10 Steps to a DIY Distressed Wood Floor
Nothing beats the look and charm of a vintage wood floor, and this style of wood floor is gaining popularity with those who that want a lived-in feel for their homes and places of business.
Creating that distressed look for a new floor is easy in concept, but it can be time- and labor-intensive and does require some artistic skills. However, if a hand-finished floor is preferable to pre-distressed flooring, the process can be fun and even economical. Ensuring the floor lives up to its look means taking no shortcuts when it comes to proper installation.
From start to finish, these 10 steps will help you create the distressed look you want:
- Select your wood flooring– woods like pine, oak, and some bamboos distress more easily and deeply than others; very dense woods like maple and certain exotics take more effort during the distressing process and may not finish with a truly authentic look.
- Let the wood acclimate to the job site. Why go through the effort of distressing the floor only to have it fail from moisture problems? Check the flooring frequently with an accurate wood moisture meter, adjusting (or setting) for the correct wood species, until the floor has reached its equilibrated moisture content (EMC).
- Once the floor has reached its EMC, install according to the manufacturer’s directions.
- Practice your distressing technique to be sure you have the look you want. Depending on the technique you use, the marks will be irreversible– sanding won’t remove them, so you want to have a clear idea of what effect each type of object will produce on the flooring. And work carefully around knots; they can throw tools in unexpected directions.
Tools to try include:
- wire brushes
- hand scrapers and sanders
- hammers (heads or claws), mallets, screwdrivers
- metal meat tenderizers
- saw blades
- soldering irons for burn marks or scars
- pellet guns
- cloth bag or sock filled with bolts or rocks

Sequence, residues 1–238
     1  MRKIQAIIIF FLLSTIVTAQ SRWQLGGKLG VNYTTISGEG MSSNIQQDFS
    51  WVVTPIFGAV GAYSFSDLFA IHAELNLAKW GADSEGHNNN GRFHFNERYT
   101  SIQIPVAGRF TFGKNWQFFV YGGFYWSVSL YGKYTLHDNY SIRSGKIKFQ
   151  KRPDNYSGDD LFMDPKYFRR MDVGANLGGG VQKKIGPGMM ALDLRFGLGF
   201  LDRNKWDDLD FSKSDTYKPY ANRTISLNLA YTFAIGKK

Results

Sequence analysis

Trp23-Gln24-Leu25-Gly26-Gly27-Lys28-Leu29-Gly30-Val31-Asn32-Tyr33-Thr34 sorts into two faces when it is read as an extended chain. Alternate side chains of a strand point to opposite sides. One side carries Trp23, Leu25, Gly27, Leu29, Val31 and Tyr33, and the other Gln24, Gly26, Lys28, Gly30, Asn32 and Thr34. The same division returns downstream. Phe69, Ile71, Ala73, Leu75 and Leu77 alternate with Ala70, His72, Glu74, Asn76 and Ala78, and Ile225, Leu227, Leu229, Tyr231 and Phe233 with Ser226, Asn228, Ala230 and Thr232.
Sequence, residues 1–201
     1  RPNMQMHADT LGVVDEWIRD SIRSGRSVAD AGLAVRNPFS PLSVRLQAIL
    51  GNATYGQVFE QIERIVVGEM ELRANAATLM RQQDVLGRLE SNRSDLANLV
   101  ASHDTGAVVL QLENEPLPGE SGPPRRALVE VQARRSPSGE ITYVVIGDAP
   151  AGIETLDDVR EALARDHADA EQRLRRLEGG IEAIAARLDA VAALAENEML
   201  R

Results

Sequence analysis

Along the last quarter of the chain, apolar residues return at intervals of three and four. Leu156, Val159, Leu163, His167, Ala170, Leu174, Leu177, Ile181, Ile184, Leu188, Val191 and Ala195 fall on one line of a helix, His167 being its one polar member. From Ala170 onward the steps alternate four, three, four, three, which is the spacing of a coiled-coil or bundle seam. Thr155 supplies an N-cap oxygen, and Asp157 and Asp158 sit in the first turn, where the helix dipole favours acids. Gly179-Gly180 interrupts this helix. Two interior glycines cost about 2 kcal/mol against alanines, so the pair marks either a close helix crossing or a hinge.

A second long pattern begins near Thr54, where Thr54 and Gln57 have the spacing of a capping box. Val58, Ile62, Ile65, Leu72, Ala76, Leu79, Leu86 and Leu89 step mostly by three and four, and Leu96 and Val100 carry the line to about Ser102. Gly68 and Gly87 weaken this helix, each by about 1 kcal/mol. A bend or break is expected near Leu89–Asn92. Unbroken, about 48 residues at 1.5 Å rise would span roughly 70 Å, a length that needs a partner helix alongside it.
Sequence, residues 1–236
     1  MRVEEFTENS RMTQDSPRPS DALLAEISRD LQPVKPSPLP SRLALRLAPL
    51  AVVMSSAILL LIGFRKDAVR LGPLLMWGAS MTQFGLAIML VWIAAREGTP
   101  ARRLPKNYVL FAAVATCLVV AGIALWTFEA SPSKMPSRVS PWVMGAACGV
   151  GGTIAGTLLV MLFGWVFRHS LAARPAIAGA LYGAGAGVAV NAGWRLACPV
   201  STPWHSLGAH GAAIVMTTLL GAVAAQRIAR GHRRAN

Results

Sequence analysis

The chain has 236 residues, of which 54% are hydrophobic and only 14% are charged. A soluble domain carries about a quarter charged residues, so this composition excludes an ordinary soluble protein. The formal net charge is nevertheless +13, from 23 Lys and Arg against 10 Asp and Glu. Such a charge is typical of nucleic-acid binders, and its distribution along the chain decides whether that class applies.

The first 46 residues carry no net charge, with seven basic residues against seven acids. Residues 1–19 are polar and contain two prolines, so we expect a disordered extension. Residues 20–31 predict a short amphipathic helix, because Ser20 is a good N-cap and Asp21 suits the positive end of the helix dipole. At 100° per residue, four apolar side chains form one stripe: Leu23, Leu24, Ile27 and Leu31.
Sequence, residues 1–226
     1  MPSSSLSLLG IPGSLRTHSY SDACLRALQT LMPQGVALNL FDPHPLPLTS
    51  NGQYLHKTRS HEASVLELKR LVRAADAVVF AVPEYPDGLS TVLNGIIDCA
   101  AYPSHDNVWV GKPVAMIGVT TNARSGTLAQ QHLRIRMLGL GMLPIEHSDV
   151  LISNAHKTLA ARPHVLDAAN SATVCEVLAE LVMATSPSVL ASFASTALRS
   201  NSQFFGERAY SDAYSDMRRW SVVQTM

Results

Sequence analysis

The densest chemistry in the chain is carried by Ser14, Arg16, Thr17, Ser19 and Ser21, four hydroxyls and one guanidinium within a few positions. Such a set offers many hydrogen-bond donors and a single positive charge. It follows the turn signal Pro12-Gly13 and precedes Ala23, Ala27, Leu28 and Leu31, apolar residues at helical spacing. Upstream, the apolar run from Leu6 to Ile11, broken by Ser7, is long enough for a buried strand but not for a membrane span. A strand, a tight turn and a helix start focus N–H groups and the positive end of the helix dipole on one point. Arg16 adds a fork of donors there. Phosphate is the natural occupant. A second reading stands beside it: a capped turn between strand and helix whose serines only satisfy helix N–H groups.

- high heeled or hob-nailed shoes
- metal chain links
- objects to embed – nail heads, bolts or screws
It’s also possible to use a commercial floor sander with specialized distressing disks or a distressing drum, but be careful to keep the motion random for an authentic look, and the sawdust adequately collected for site health and safety purposes.
- Begin distressing the wood, working with the grain of the wood as much as possible and varying the angle of your tool to alternately tear the grain or create burnished areas. Stomp, grind, scratch or beat until you’ve reached the look you want. Keep in mind that deeper distressing in traffic areas will look more authentic but that even low-wear areas need some distressing for a consistent aged look. Let natural foot traffic slightly wear and darken appropriate areas too, if time allows (and shoes aren’t muddy).
- Make sure the floors stay at service conditions during this process and avoid letting excess moisture contact the flooring during distressing. The unfinished flooring will rapidly absorb any excess moisture that contacts it through spills or elevated relative humidity levels in the building. If not thoroughly dried out again, that moisture will cause problems down the road.
- Prep the floor for staining by completely vacuuming all standing sawdust from the distressed floor. Any burrs or splinters created in the distressing process should be lightly sanded or scraped down.
- Highlight individual spots (like knots or embedded objects), if desired, with dark wood filler, dark stains, or even ink or resins.
- Apply finish stain. It’s possible to highlight the distressed area by applying several shades of stain and scraping between each for a very distinct look or to allow a single stain color to settle into the indents and textures of the distressed wood during each layer application. Be sure each stain application has time to completely dry before applying the next according to the manufacturer’s directions.
- Polish and enjoy.
A distressed floor will require the same maintenance as any other wood floor, but the beauty of it is that in the end, wear and tear will only add to the charm and casual feel of its natural warmth.
Jason has 20+ years’ experience in sales and sales management in a spectrum of industries and has successfully launched a variety of products to the market, including the original Rapid RH® concrete moisture tests. He currently works with Wagner Meters as our Rapid RH® product sales manager.